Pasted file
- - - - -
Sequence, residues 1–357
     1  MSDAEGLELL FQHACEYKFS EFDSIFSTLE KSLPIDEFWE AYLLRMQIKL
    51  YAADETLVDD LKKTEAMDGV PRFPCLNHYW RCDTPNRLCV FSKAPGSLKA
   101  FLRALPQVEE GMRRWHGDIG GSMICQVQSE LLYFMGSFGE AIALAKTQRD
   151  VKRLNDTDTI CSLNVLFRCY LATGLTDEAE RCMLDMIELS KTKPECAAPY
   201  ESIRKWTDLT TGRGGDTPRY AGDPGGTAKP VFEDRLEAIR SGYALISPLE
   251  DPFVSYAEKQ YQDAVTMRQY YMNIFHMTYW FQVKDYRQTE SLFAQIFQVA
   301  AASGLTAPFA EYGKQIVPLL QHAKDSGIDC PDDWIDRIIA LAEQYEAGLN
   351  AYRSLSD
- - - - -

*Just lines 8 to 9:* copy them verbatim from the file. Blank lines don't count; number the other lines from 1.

   301  AASGLTAPFA EYGKQIVPLL QHAKDSGIDC PDDWIDRIIA LAEQYEAGLN
   351  AYRSLSD